Artist picture of Sir Thomas Beecham

Sir Thomas Beecham

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Violin Concerto in D Minor, Op.47, IJS 120: II. Adagio di molto Isaac Stern, Sir Thomas Beecham, Royal Philharmonic Orchestra 07:42
Bizet: Carmen, WD 31, Act 1 Scene 4: Récitatif, "Quand je vous aimerai?" - No. 5, Havanaise, "L'amour est un oiseau rebelle" (Carm Victoria De Los Angeles, Orchestre national De La Radiodiffusion Francaise, Sir Thomas Beecham 04:35
Florida Suite Sir Thomas Beecham, Royal Philharmonic Orchestra 04:36
Puccini: La bohème, Act 1: "Che gelida manina" (Rodolfo) Sir Thomas Beecham, Jussi Björling 04:59
Bacchanale from "Samson and Delilah" Sir Thomas Beecham, The Royal Philharmonic Orchestra 07:15
Violin Concerto in D Minor, Op.47, IJS 120: III. Allegro ma non tanto Isaac Stern, Sir Thomas Beecham, Royal Philharmonic Orchestra 07:07
Violin Concerto in D Minor, Op.47, IJS 120: I. Allegro moderato Isaac Stern, Sir Thomas Beecham, Royal Philharmonic Orchestra 14:29
Schubert: Symphony No. 3 in D Major, D. 200: I. Adagio maestoso - Allegro con brio Sir Thomas Beecham, Royal Philharmonic Orchestra 07:38
Florida Suite: 2. By the River Sir Thomas Beecham 07:16
Schubert: Symphony No. 3 in D Major, D. 200: II. Allegretto Sir Thomas Beecham, Royal Philharmonic Orchestra 05:08

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Biography

Once described by the BBC as 'Britain's first international conductor', Sir Thomas Beecham's legend stands high in the annals of classical music. He came from a wealthy family, his father Sir Joseph Beecham had made his fortune from manufacturing Beecham pills and the young Thomas was spared no expense in his early life growing up in St Helens, Lancashire in the 1890s. He had his first music lessons from a local organist and went on to attend the Rossall School in Lancashire before going to Oxford, continuing his studies in London and Paris.

In 1899 he conducted a performance by Manchester's famous Halle Orchestra and went on to become conductor with K Truemans Travelling Opera Company and gave his first symphonic concert in London with members of the Queens Orchestra in 1905. The following year he became conductor of the New Symphony Orchestra before forming the Beecham Symphony Orchestra.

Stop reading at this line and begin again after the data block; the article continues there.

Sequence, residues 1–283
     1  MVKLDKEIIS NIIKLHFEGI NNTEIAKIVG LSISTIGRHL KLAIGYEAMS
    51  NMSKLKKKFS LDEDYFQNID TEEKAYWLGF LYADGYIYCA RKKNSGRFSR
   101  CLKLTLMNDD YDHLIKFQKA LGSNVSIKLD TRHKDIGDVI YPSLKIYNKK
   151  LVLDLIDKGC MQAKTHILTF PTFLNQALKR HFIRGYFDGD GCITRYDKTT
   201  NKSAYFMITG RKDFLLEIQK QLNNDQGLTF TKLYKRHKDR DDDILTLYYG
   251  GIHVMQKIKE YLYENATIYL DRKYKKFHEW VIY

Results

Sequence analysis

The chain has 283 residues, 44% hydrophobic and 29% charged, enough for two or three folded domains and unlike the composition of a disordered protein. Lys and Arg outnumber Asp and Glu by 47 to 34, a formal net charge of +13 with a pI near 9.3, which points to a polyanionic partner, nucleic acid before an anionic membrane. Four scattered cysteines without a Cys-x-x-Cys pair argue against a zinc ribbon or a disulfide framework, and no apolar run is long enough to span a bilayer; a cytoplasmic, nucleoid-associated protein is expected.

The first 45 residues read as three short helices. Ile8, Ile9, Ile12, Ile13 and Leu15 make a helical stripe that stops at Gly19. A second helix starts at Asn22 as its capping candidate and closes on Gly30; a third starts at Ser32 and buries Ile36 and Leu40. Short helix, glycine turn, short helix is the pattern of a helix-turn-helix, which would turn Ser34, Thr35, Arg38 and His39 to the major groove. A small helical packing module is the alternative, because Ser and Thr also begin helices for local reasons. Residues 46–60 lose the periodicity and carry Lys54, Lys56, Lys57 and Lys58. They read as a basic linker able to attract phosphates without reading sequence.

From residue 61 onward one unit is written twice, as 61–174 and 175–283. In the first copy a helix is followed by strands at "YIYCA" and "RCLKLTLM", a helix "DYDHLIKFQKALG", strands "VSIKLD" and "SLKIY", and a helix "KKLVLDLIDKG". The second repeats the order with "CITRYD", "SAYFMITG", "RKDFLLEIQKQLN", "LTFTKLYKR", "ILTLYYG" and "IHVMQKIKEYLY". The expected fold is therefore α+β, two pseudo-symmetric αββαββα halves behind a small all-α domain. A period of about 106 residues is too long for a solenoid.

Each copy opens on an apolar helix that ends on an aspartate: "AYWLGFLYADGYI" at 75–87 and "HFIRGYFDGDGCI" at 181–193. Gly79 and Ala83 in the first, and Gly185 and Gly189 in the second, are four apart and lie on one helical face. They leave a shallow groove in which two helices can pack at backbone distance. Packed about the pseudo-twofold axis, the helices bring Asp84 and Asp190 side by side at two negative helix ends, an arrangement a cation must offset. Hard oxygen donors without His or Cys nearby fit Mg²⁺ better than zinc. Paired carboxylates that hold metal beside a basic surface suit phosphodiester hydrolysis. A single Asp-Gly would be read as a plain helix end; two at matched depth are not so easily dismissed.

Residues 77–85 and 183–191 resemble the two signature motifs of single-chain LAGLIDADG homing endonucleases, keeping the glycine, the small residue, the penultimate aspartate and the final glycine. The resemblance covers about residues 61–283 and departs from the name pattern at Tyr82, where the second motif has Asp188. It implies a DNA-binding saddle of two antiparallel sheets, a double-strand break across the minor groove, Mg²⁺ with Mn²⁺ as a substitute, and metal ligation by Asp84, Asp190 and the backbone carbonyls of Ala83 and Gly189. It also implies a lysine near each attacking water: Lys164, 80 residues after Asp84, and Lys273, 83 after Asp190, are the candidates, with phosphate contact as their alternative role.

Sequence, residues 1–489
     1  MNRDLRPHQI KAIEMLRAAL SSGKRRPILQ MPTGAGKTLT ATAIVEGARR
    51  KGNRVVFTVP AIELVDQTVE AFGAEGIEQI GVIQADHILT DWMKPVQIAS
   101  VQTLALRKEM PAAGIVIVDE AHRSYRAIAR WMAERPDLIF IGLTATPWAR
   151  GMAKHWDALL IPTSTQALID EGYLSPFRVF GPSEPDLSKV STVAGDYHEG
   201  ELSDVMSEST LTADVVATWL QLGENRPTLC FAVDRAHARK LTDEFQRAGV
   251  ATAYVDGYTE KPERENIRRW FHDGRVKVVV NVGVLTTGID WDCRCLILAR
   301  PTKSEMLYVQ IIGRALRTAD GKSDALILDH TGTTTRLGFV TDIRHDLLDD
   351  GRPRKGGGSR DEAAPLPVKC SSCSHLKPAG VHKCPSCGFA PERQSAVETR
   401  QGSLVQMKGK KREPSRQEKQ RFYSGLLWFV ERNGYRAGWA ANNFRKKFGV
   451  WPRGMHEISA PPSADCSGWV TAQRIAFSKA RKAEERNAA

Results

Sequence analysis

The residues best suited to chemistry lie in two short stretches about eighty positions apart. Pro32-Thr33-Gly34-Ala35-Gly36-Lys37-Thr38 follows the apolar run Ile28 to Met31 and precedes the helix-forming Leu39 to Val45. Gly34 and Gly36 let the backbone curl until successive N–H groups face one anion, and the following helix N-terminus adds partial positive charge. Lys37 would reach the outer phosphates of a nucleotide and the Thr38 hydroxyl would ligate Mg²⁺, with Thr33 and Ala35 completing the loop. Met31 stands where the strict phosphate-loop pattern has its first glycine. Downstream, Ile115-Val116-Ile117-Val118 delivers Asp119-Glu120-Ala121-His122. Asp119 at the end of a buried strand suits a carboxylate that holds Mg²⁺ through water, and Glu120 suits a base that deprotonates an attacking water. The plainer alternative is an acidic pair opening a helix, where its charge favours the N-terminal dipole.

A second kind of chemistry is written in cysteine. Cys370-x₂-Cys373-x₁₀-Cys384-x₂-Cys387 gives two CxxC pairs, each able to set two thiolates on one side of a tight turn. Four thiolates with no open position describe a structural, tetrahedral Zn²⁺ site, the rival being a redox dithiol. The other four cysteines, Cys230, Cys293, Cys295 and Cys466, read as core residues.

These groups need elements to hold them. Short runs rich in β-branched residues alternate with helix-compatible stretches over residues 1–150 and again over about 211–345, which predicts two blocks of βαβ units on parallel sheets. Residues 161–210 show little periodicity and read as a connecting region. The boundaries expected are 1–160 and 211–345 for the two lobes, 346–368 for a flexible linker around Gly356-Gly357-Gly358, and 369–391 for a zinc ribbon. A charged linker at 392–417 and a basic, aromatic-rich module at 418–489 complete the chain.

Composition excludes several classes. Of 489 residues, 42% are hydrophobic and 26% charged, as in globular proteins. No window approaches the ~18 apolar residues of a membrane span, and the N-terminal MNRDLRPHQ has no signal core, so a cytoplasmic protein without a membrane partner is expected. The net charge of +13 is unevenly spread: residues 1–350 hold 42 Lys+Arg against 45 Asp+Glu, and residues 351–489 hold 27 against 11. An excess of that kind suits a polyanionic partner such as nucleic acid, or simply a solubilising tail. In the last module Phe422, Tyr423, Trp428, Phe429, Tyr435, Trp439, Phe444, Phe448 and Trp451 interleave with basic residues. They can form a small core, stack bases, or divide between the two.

Backed by the family fortune he took over the creative and business management of London's Covent Garden and regularly conducted there and at other prestigious venues, becoming famed particularly for his work on Wagner and Richard Strauss, introducing music that had been rarely heard before to the capital's arts scene. He was knighted in 1916 and on the death of his father acquired the title of Baronet, although he was overstretched by his expansive productions and his operatic enterprise went bankrupt. However, he soon bounced back, travelling extensively to seal his reputation in America and went on to launch a Delius Festival in London, attended by Delius himself, who was by then blind and in poor health.

In 1946 he founded the Royal Philharmonic Orchestra and continued to manage them until his health began to fail and he passed the baton to Rudolf Kempe. He was a somewhat controversial character - charismatic and with a sharp sense of humour, but ruthless in his criticism and attitude to others, feared by some and famously unsparing in his words if he felt a member of his orchestra wasn't performing to his standard. He wrote his autobiography 'A Mingled Chime' in 1943 and also wrote a biography of one of his great heroes, Delius. He died in 1961 at the age of 81.